Theater Caps are bite-sized punch-packing capsule reviews by resident theater critic Elaine Liner. Use them as a reminder -- or a teaser, if you procrastinate -- of her full-length reviews in The Mixmaster's weekly sister.
It's probably not the best idea to make a play about a cross-country road trip. There's a reason they call them "road movies" and there are reasons there are no "road plays."
You need big landscapes for a good story about two people driving through the nation's heartland together. You need to see those seedy motel rooms, greasy diners, neon-lit truck stops and maybe some purple mountains' majesty.
On the stage, as it is in Kitchen Dog Theater's latest, 26 Miles, what you get is a lot of talking while somebody pretends to use a steering wheel attached to a plywood set. It's silly. There's just so much suspension of disbelief you can extend for a scene in which characters describe prairies and sunsets you can't see.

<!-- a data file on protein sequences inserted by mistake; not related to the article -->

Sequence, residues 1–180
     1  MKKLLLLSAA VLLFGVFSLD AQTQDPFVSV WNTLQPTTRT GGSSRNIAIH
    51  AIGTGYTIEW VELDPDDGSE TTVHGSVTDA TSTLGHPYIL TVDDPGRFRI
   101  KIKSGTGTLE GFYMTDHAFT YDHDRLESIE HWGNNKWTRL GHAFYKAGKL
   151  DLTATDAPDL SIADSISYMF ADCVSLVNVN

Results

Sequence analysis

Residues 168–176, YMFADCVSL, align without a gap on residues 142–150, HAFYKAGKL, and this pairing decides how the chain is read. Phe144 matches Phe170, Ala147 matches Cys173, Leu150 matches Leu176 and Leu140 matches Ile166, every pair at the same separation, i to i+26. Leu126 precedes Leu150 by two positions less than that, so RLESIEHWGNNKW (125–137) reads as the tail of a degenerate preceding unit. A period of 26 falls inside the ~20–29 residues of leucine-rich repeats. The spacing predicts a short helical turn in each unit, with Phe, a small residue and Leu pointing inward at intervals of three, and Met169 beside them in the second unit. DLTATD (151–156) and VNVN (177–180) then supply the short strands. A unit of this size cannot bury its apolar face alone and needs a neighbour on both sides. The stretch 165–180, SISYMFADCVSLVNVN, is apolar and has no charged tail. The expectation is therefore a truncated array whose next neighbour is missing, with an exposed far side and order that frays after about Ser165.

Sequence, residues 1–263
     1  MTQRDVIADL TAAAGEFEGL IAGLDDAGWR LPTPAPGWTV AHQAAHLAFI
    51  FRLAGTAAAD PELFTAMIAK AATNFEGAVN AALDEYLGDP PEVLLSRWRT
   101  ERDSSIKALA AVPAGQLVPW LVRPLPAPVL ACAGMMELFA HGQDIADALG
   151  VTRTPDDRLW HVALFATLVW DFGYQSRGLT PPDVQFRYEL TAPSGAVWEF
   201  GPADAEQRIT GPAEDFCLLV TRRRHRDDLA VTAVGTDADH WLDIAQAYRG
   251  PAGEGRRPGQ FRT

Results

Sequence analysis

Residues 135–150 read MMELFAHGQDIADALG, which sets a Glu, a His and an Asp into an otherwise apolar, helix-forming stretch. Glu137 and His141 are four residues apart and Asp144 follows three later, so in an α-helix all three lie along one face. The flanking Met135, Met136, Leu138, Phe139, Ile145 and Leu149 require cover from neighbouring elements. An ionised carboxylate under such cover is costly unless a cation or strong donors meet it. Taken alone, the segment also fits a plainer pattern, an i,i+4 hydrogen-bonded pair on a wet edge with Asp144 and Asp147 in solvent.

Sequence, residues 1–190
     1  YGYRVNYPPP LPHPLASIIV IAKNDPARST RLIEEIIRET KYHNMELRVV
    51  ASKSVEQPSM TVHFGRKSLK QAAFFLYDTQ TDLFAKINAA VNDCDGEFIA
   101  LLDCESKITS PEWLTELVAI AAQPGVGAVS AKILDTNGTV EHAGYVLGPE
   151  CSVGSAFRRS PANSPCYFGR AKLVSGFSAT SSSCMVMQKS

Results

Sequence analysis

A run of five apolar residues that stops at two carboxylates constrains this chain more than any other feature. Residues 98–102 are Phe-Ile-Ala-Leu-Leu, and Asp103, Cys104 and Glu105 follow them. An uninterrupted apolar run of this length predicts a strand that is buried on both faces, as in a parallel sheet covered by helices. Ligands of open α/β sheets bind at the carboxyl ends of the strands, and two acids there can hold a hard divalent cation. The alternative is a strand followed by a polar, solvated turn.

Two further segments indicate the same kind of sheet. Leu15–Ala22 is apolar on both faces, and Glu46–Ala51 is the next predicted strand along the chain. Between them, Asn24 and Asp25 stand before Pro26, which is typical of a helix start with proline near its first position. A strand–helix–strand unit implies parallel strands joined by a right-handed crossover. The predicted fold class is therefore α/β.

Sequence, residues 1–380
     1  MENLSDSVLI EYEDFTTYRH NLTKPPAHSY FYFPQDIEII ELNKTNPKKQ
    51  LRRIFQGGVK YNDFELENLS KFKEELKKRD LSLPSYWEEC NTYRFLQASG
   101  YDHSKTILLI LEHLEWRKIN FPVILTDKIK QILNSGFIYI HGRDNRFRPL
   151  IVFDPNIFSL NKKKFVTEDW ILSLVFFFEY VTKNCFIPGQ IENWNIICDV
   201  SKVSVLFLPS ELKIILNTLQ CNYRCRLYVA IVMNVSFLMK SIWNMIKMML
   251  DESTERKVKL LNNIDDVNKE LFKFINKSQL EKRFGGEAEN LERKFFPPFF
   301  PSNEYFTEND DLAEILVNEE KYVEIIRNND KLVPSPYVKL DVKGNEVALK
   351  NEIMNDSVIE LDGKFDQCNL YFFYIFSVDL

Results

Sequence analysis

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If only playwright Quiara Alegría Hudes had provided better dialogue and a less cliché situation for the main characters, a precocious tenth-grader named Olivia (Allie Donnelly) and her long-estranged birth-mom Beatriz (Christina Vela). The two hit the highways out of Pennsylvania for an impromptu quest to see buffalo in Wyoming, getting to know each other again along the way.
Their squabbles and confessions have that dreaded Lifetime movie cadence and the end of the story is far too pat. Nice performances by the cast, directed by KDT co-artistic director Tina Parker. But the long and winding road in this story belongs on a screen, not a stage.
26 Miles continues through December 10 at Kitchen Dog Theater. Call 214-953-1055.